Having determined that Harris was seized, we turn to the question of whether the force used by Scott to effectuate the seizure was reasonable, in light of the facts according to Harris.6  In Tennessee v. Garner, 471 U.S. 1, 8, 105 S.Ct. 1694, 85 L.Ed.2d 1 (1985), the Supreme Court made clear that the reasonableness of a seizure “depends on not only when a seizure is made, but also how it is carried out.”   In Garner, as in this case, the Court considered a suit for damages under 42 U.S.C. § 1983 on the grounds that the manner of the seizure violated Garner's constitutional rights.   The police argued that because Garner was a fleeing felon, any force necessary to capture him was permissible.   The Supreme Court held that the use of deadly force may not be used to seize a fleeing felon “unless it is necessary to prevent the escape and the officer has probable cause to believe that the suspect poses a significant threat of death or serious physical injury to the officer or others.”  Id. at 3, 105 S.Ct. 1694 (emphasis supplied).   The Court concluded that:

[t]he use of deadly force to prevent the escape of all felony suspects, whatever the circumstances, is constitutionally unreasonable.   It is not better that all felony suspects die than that they escape.   Where the suspect poses no immediate threat to the officer and no threat to others, the harm resulting from failing to apprehend him does not justify the use of deadly force to do so.   It is no doubt unfortunate when a suspect who is in sight escapes, but the fact that the police arrive a little late or are a little slower afoot does not always justify killing the suspect.   A police officer may not seize an unarmed, nondangerous suspect by shooting him dead.

Id. at 11, 105 S.Ct. 1694.

 The Court recognized that limited circumstances might justify the use of deadly force, to wit:  (1) “[w]here the officer has probable cause to believe that the suspect poses a threat of serious physical harm, either to the officer or to others,” or “if the suspect threatens the officer with a weapon or there is probable cause to believe that he had committed a crime involving the infliction or threatened infliction of serious physical harm,” and (2) if deadly force is “necessary to prevent escape,” and, (3) “if, where feasible, some warning has been given.”  Id. 471 U.S. at 11-12, 105 S.Ct. 1694.   See also Vaughan, 343 F.3d at 1329-30.   Without meeting all of these conditions, the use of deadly force is constitutionally unreasonable.

 “Deadly force” is force that creates “a substantial risk of causing death or serious bodily injury.”  Pruitt v. City of Montgomery, 771 F.2d 1475, 1479 n. 10 (11th Cir.1985) (citing Model Penal Code (MPC) § 3.11(2) (1962)).7  The Coweta County Sheriff Department's Use of Force Policy provides an analogous definition-“[f]orce which, under the circumstances in which it is used, is readily capable of causing death or other serious injury.”   R. 48 at Ex. 12, at 82.   In Pruitt, we found that shooting a suspect in the legs to stop him was a “use of deadly force” in the constitutional sense, even though the officer did not necessarily shoot to kill.   We reasoned that the MPC and Alabama Code definitions of deadly force “clearly encompass[ed]” the force used in that case because “[the officer], at the least, purposely fired his shots at Pruitt's legs, and in doing so used force capable of causing serious physical injury.”  771 F.2d at 1479 n. 10.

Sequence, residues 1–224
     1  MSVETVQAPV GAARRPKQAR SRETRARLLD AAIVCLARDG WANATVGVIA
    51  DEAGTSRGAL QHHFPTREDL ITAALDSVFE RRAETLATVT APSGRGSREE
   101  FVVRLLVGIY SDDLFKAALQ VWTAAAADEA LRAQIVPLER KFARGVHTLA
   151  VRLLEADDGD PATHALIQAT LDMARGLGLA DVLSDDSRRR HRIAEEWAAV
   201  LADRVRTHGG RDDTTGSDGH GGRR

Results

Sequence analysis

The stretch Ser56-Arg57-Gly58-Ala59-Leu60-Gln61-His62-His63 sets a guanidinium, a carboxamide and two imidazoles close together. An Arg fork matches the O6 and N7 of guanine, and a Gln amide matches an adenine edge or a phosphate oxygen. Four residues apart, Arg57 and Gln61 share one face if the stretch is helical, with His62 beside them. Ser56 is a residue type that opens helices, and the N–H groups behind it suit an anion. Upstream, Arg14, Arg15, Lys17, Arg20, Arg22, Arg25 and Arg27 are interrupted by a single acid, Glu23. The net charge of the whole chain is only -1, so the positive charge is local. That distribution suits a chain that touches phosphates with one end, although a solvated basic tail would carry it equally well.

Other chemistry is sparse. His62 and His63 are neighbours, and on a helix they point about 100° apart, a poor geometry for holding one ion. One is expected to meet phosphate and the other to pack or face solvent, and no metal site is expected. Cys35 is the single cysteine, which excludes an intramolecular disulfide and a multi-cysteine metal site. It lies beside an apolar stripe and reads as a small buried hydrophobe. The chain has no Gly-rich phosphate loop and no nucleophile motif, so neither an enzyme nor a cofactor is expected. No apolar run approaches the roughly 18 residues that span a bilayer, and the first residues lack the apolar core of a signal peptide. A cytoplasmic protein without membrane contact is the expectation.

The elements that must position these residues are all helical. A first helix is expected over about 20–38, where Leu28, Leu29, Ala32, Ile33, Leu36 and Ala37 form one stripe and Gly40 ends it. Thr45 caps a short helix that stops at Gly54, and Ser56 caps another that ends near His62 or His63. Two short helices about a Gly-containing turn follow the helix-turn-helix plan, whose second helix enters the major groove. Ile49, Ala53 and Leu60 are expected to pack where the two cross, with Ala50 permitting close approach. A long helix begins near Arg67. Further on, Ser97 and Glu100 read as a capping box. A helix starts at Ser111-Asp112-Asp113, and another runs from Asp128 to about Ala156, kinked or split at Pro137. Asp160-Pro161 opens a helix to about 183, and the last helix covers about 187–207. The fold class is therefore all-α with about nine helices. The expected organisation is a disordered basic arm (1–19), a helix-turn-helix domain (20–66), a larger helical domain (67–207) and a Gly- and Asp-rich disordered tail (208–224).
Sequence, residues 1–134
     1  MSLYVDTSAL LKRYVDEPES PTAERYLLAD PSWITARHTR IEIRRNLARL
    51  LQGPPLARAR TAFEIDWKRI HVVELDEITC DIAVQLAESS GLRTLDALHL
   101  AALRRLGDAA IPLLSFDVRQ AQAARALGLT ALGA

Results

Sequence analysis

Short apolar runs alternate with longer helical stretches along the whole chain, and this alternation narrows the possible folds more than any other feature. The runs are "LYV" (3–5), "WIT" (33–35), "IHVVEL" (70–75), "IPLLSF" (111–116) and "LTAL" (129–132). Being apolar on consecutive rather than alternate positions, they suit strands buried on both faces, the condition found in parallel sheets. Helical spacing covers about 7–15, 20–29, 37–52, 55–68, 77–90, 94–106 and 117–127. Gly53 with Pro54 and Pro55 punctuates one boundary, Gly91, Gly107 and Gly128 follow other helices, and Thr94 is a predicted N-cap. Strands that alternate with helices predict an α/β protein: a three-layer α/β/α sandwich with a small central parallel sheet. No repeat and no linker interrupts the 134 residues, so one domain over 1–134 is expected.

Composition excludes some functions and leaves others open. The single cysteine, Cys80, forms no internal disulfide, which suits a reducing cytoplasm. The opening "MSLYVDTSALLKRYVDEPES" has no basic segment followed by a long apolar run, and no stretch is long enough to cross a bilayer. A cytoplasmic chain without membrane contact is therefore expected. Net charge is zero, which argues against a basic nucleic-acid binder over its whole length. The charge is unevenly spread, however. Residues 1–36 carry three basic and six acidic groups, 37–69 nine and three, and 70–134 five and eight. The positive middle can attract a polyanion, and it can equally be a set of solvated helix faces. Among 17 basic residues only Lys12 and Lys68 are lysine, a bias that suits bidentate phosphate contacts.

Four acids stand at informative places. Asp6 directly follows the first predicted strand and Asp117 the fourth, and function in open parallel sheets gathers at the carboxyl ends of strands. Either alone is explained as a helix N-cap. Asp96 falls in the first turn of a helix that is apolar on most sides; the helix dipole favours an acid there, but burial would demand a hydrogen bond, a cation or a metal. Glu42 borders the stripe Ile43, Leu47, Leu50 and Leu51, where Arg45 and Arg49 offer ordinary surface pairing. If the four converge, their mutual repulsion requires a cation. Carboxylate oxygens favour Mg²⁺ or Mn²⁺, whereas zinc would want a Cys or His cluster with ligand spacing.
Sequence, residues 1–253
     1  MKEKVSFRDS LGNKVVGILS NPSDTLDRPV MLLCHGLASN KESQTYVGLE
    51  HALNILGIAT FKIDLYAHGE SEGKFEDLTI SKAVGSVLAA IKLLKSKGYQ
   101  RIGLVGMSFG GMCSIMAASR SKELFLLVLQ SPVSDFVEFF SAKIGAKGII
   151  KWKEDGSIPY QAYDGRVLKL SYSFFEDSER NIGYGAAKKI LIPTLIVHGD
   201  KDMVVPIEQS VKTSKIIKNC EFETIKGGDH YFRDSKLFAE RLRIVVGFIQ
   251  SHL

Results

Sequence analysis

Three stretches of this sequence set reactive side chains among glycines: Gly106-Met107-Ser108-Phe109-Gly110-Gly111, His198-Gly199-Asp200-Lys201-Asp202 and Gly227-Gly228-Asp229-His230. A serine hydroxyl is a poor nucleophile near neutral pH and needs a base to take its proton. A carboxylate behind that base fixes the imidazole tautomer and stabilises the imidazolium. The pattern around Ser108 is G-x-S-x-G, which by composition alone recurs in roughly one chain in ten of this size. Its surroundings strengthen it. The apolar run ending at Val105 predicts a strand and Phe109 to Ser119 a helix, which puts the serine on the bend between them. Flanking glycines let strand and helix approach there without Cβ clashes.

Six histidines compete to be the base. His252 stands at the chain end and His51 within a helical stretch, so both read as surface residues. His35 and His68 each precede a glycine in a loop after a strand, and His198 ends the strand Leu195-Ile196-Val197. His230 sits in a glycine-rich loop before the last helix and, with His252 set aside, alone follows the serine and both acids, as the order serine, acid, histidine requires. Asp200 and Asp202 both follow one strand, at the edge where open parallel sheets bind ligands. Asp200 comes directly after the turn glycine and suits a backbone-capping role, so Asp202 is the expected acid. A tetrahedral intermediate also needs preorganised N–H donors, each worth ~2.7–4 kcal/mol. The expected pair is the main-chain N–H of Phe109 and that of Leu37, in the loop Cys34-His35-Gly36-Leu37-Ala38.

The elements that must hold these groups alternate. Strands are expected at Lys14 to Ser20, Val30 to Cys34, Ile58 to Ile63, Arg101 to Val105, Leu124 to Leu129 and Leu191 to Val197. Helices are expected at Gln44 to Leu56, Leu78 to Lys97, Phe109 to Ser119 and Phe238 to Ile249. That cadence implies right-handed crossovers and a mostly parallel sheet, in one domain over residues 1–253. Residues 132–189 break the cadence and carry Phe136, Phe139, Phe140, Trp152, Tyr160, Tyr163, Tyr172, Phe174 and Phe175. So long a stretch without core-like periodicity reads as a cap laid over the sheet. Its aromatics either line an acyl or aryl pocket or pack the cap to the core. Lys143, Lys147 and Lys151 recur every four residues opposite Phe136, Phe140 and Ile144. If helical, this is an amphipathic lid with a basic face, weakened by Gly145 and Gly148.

Like other instrumentalities, the use of an automobile cannot be construed in every circumstance as deadly force.   However, an automobile, like a gun, can be used deliberately to cause death or serious bodily injury.   See Pace v. Capobianco, 283 F.3d 1275, 1282 (11th Cir.2002) (suspect “used the automobile in a manner to give reasonable policemen probable cause to believe that it had become a deadly weapon with which [suspect] was armed”);  United States v. Gualdado, 794 F.2d 1533, 1535 (11th Cir.1986) (“Almost any object which as used or attempted to be used may endanger life or inflict great bodily harm, or which is likely to produce death or great bodily injury, can in some circumstances be a ‘dangerous weapon.’  ․   An automobile has been held to constitute a deadly weapon when used to run down a law enforcement officer.   Likewise, in this instance appellants' boat, used in an attempt to ram the vessel of Customs officials, also could properly be considered a deadly weapon.”) (internal citations omitted).   See also Hernandez, 340 F.3d at 624 (officer had probable cause to shoot suspect where suspect “posed an imminent threat of serious physical harm to himself and to others as evidenced by [suspect's] driving head-on into [the officer's] vehicle”);  Ludwig v. Anderson, 54 F.3d 465, 473 (8th Cir.1995) (an attempt to hit an individual (not in a vehicle) with a moving squad car “is an attempt to apprehend by use of deadly force”);  Donovan, 17 F.3d at 949-50 (backing up of a squad car into path of a fleeing motorcycle was an application of deadly force);  Smith v. Freland, 954 F.2d 343, 347 (6th Cir.1992) (citing United States v. Sanchez, 914 F.2d 1355 (9th Cir.1990)) (“even unarmed, [the plaintiff] was not harmless;  a car can be a deadly weapon.”).   Cf. Brower v. County of Inyo, 884 F.2d 1316, 1317-18 (9th Cir.1989) (assuming without deciding that deadman roadblock to stop a fleeing vehicle during a high-speed chase was an application of “deadly force” and applying Garner analysis).